Shazia is 31 years old and lives with her parents and two younger sisters in Glasgow. She is currently on a break from studying pharmacology at university.
Shazia lives with insulin-dependent diabetes (Type 1), which was diagnosed 21 years ago.Â Her two sisters also live with this condition.Â It has proved hard to bring Shaziaâ€™s diabetes under control and it continues to cause her ongoing problems.
In addition to diabetes, Shazia lives with osteoporosis, a condition she developed as a result of experiencing severe clinical depression following two family bereavements when she was 18.Â While depressed, Shazia did not eat or drink, which led to severe weight loss and a loss of calcium in her bones.
Earlier in 2010, Shazia was eventually diagnosed with an overactive thyroid after experiencing chest pains, fast heart palpitations, weight loss and a rash on her body.Â The diagnosis came only after Shazia insisted that her blood be checked.Â She did not accept the doctorâ€™s view that the rash was associated with problems controlling diabetes and that she was too young to have chest pains arising from heart problems.
Shazia has problems with her memory.Â She attributes this in part to her history of depression and in part to her thyroid condition.
What self management means for Shazia
Given the difficulties in controlling her diabetes, for Shazia self management means monitoring her blood levels and then deciding whether she needs insulin and, if so, how much.
For me, self management gives me independence.
Shazia administers from 4 up to 7 insulin injections daily if need be.Â If her blood sugar drops through the night resulting in a seizure, her sister alerts the family so that they can balance her sugar level again.
Shazia is on a large amount of medication.Â To counter her memory problems, she takes as many as she can last thing at night.Â She has built this into her bedtime routine, making it less likely that sheâ€™ll forget to take her medication.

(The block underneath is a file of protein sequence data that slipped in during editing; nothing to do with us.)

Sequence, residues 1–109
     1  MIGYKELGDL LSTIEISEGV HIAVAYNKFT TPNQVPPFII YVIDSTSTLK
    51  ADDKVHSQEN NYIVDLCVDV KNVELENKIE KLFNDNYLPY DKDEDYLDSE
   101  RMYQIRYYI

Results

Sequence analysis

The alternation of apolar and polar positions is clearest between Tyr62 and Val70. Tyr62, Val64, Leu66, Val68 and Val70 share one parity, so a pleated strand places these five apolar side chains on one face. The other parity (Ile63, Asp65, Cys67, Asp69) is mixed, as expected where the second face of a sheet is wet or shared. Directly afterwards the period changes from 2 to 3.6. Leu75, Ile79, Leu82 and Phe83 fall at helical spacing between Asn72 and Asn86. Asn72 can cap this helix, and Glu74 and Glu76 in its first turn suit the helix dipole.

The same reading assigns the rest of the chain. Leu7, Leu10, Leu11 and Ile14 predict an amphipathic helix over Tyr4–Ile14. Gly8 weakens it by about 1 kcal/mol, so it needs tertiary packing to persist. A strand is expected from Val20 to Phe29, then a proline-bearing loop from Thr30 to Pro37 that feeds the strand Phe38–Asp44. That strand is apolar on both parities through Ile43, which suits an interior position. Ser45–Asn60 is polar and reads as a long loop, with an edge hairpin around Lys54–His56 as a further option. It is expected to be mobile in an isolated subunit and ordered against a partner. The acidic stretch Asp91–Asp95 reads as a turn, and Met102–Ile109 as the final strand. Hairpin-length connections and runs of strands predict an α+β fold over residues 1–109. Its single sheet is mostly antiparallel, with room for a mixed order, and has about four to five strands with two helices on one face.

You get your input from doctors when you need it, and then you can manage your condition in your own way for what suits you.
Shazia uses a diary to help her plan and make sure she does not forget things.Â She also enlists the help of her family, telling them about important appointments and putting notes on the fridge for everyone to see.
Shazia spent 6-7 months in a Priory clinic when she had severe depression.Â There she learned cognitive behavioural therapy (CBT).Â She sometimes finds herself using CBT tools to help her self manage.
Shazia works part time in a pharmacy.Â She enjoys being at work and feels that this helps her self manage.Â Even when she is not feeling well or is in pain, work helps her to feel better.
Because Shaziaâ€™s mother and sisters also have long term conditions, they can support each other and share experiences of whatâ€™s working for each of them.
When Shazia experiences low mood, she does things that she knows will help lift her.Â Sometimes shopping or going out for a walk helps, even though walking is not easy for her.Â Shazia also really enjoys Asian music.Â Putting on upbeat music to dance to often makes her feel better.
Self management is about trying to do what you can to feel happy.Â You know what makes you happy, so you should do it.
Shazia is involved in Diabetes UK advisory groups because she wants to help other people, particularly those from minority ethnic communities.Â She helped Diabetes UK produce a leaflet on diabetes and depression, and has participated in talks for Diabetes UK and LTCAS as well as other organisations.